Ireland – What’s Next?| TV 3 Series on Ireland’s Housing Crisis


Matt Cooper – TV3 Ireland

In a new TV series to commence tonight at 9 pm on TV3 Ireland, broadcaster Matt Copper aims to tackle the issue of Ireland’s housing crisis. Advance indications of contributions from developer, Michael O’ Flynn, and the Chairman of the Housing Agency, Conor Skehan, make for what promises to be an interesting programme.

In an article in today’s Independent on the programme Conor Skehan, chairman of the Housing Agency, the government body set up in 2010 to advise on policy for housing, is quoted as saying he rents his home and has no intention of changing that. Asked about the perception that many people have of rent as ‘dead money’, Mr Skehan replied:

“Well, I’m the chairman of the Housing Agency and I will never buy a piece of property again. I rent.”

In today’s Irish Examiner’s article on the same programme developer Michael O’Flynn was critical of current attitudes towards developers and suggested increasing housing output could not happen without speculative input. O’Flynn is quoted as saying:

“I can’t see this market recovering without developers. But there are people who don’t believe there is any role for developers. And when that crazy misunderstanding exists by a lot of people in this country, you are not going to solve the development situation.”

It remains to be seen if the implications on housing output of the Building Control Regulations (SI.9), introduced earlier this year, get an airing in the programme particularly on the self-build sector. Recent Central Statics Office figures would appear to suggest that speculatively built dwellings account for a small percentage of current housing output. In 2013 approximately 8,300 dwellings were completed. Only 16%, 1,326, were registered with House Guarantees and speculatively built. This suggests that almost 7,000 homes constructed in 2013 were once-off houses commissioned by owners or self-built.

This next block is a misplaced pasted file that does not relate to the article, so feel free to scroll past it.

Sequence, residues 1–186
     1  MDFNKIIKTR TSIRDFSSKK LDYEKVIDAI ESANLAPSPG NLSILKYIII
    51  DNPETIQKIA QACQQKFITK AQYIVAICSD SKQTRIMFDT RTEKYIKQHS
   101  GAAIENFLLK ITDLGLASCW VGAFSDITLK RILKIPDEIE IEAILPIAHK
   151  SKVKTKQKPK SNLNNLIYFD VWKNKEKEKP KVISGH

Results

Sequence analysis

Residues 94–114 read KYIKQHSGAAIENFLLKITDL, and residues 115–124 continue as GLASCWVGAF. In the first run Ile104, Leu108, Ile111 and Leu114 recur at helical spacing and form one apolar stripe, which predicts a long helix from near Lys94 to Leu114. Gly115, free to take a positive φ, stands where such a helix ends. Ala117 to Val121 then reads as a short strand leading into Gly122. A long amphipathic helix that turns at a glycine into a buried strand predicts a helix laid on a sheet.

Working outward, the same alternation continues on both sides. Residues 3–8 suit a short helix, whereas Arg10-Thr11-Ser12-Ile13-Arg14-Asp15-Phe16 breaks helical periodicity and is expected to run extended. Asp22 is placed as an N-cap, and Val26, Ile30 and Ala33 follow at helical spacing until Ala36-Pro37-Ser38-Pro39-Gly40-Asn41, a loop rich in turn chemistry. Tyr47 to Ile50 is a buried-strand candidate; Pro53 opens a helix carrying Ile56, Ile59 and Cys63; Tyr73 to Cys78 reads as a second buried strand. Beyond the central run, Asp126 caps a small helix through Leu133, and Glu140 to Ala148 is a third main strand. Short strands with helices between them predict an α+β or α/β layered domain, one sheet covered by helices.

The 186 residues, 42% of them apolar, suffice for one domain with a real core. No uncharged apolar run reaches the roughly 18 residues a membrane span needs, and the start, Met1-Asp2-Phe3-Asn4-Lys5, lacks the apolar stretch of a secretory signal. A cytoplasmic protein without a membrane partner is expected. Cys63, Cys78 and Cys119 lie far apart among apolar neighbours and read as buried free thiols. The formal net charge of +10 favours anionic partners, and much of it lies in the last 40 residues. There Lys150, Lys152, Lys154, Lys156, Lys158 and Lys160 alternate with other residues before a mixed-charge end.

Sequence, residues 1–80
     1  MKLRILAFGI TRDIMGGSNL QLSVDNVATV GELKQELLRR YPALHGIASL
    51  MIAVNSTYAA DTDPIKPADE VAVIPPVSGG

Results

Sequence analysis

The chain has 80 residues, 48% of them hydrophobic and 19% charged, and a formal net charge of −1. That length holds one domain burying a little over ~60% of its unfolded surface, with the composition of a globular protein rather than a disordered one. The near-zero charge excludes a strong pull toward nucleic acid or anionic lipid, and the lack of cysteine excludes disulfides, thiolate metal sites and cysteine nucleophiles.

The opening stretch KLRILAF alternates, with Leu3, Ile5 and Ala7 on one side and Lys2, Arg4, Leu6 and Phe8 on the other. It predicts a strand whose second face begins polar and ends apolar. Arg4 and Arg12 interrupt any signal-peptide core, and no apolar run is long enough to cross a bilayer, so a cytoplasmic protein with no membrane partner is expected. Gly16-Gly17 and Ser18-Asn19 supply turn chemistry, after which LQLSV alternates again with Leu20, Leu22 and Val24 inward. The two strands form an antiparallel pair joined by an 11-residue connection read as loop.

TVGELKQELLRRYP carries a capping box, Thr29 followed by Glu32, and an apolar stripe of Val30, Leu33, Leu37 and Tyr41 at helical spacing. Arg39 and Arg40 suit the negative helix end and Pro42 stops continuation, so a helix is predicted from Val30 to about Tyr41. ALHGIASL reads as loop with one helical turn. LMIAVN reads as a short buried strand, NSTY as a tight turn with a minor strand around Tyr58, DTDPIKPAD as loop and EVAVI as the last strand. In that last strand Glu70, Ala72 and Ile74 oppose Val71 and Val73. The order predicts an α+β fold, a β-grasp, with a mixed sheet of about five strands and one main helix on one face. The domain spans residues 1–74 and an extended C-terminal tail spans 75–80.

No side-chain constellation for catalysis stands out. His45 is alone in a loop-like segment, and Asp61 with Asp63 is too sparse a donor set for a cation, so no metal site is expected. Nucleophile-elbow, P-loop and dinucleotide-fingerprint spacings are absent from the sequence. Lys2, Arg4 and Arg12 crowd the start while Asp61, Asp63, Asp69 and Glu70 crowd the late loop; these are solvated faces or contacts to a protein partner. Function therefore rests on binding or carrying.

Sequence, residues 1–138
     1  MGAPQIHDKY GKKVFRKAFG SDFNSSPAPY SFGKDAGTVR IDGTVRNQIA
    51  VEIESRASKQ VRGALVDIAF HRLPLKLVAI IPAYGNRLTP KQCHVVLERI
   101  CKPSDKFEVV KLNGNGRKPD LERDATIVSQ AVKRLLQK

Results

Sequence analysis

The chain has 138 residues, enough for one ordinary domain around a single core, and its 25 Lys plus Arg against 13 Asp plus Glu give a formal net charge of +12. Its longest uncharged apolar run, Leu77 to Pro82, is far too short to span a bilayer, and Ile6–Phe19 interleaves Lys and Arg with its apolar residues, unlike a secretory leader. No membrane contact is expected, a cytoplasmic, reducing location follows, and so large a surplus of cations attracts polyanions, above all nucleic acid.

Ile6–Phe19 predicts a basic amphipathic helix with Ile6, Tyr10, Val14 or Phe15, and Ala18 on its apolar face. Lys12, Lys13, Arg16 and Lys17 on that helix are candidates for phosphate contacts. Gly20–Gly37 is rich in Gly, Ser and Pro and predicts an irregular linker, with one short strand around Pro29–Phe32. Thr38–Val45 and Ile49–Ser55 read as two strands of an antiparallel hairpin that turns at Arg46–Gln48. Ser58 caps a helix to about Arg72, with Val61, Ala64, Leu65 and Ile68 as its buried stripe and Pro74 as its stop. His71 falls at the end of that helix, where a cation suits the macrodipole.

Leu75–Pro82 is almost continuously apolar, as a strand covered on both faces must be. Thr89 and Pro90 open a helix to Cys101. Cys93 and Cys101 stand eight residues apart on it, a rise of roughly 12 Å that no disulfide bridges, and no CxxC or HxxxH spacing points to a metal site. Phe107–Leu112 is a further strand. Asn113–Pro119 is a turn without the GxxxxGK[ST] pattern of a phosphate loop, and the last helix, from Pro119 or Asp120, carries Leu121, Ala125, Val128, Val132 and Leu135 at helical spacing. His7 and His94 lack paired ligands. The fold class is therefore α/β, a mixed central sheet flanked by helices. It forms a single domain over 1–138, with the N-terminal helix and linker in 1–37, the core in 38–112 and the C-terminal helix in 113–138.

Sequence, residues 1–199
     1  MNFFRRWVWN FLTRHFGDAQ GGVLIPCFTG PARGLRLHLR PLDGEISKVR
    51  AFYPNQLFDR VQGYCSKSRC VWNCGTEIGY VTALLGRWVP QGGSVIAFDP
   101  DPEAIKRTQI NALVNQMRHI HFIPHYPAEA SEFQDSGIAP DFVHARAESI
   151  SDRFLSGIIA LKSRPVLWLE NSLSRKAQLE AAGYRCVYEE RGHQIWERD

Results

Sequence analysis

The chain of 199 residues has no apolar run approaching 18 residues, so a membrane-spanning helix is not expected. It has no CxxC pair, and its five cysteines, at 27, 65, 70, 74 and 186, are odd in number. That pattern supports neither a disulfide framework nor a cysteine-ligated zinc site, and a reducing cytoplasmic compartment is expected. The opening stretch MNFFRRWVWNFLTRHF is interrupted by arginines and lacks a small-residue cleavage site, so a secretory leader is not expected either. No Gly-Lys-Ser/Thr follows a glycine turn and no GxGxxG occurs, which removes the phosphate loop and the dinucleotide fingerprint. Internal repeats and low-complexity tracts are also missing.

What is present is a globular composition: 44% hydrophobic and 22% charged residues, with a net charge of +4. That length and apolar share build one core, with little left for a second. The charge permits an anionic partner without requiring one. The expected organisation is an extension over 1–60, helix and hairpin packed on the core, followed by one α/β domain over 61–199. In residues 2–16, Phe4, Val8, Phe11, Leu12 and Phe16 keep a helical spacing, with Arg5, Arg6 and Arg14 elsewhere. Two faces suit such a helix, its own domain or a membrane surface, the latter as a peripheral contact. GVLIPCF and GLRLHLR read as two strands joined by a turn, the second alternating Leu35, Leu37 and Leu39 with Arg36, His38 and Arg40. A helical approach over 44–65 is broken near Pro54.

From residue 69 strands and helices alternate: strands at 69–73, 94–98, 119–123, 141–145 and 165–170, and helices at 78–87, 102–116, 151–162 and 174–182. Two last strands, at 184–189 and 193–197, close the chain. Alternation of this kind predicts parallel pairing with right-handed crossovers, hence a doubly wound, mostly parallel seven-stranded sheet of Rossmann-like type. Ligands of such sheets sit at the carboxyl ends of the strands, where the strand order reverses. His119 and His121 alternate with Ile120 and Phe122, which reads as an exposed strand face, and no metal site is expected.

The representative body for self-builders (IAOSB) have conservatively estimated the percentage of houses built by owners at over 30% of the total in any given year. The percentage may currently be much higher.

In a recent IAOSB letter to the Minister for the Environment,  Alan Kelly T.D.,  the catastrophic effect of the hastily introduced and vaguely worded SI.9 building regulations, accelerating a slump in this significant sector of home building, was described:

“SI.9 is pricing many lower-end self-builders out of the market. These are at the lower cost end, where owners were hoping to build better quality homes cheaper, on a phased basis, than speculative housing. Over €40,000 extra to build a €180,000 house is an extraordinary cost, and these are the real-world numbers our members are coming back with to us. …What benefit do self-builders get for the huge costs of SI.9? 

We have undertaken surveys of members and to date, for this year, we estimate that between 800 and 1,000 dwelling projects have been abandoned by self builders trying to build a home for their families.”

It would appear that policy and indeed regulation is being driven by responses to the speculative residential sector, and at 16% of the market we wonder is the tail wagging the dog?


Independent / Skehan: I’ll never buy a property again:

O’Flynn: Housing bounce impossible without developers:

IAOSB letter to Minister Kelly – Revoke or Revise S.I.9 | BRegs Blog:


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